Schmidt et al. have reported that caffeine therapy for AOP did not significantly reduce the combined rate of academic, motor, and behavioral impairments but was associated with a reduced risk of motor impairment in 11-year-old children with very low BW treated with caffeine for AOP. At the doses used (prescriber discretion) in the original CAP trial of which this study was a follow-up, neonatal caffeine therapy was effective and safe into middle school age. However, there was a significant variability in caffeine dosing in the CAP trial. The CAP trial was designed to determine whether caffeine therapy for AOP alters the rate of survival without neurodevelopmental disability at a corrected age of 18–21 months in infants at a high risk of apneic attacks. Forty percent of the patients assigned to caffeine in the first 10 days of life (median age: 3 days) died or survived with a neurodevelopmental disability compared with 46% assigned to placebo (OR: 0.77, 95% CI: 0.64–0.93). In this study where neonatologists were asked to start caffeine based on their standard of practice, the indication for caffeine was peri-extubation use or prevention or treatment of AOP. Only a quarter of the neonatologists started caffeine to prevent apnea. Thus, the risk–benefit ratio of caffeine administered exclusively for prophylaxis of BPD earlier remains unclear, although infants who received caffeine on or before 3 days of life had a greater reduction in the duration of mechanical ventilation than those started after 3 days of life. The CAP trial also had broad and pragmatic eligibility criteria.,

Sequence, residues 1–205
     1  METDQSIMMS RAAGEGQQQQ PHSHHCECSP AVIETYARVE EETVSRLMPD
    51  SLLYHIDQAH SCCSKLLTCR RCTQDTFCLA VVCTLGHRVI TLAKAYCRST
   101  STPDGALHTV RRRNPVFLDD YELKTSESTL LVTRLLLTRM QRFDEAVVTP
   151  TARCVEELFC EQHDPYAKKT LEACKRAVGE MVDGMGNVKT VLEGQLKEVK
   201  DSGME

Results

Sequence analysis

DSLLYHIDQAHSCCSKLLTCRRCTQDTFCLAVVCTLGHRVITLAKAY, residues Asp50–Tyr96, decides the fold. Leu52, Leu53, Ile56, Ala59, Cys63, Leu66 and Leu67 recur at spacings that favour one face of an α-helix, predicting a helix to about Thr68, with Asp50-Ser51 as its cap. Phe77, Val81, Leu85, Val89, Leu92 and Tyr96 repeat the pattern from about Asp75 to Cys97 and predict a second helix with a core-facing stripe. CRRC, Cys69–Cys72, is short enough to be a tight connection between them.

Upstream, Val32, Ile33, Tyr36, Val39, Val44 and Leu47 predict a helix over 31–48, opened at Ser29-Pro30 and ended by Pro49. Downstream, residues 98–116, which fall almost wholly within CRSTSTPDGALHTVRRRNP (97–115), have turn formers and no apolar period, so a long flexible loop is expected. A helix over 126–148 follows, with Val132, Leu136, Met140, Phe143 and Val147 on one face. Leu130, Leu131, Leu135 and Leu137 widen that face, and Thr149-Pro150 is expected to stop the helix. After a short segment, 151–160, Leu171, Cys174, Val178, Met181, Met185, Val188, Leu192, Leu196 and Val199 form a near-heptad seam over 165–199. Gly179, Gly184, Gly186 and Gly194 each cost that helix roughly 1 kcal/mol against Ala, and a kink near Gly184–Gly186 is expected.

| Conclusion|| |
We have not been able to demonstrate a difference in the risk of BPD in our study between a matched group of infants with and without caffeine prophylaxis for the prevention of BPD. We acknowledge the small sample size in the nonprotocol group. This leaves open the question of whether caffeine should be used for BPD prevention and if so what is the ideal time to initiate such prophylaxis. Targeting caffeine for BPD prophylaxis in the relatively high-risk group seems a rational approach. A prospective study targeting caffeine prophylaxis in various well-defined risk value categories may provide helpful insight into answers to some of these questions. Our data suggest that despite the benefits demonstrated in the CAP trial, it may be prudent to minimize caffeine exposure in the premature developing brain through thoughtful use of caffeine.
This manuscript has been read and approved by all the authors. The requirements for authorship have been met, and each author believes that the manuscript represents honest work.
Financial support and sponsorship
Conflicts of interest
There are no conflicts of interest.
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[Figure 1], [Figure 2]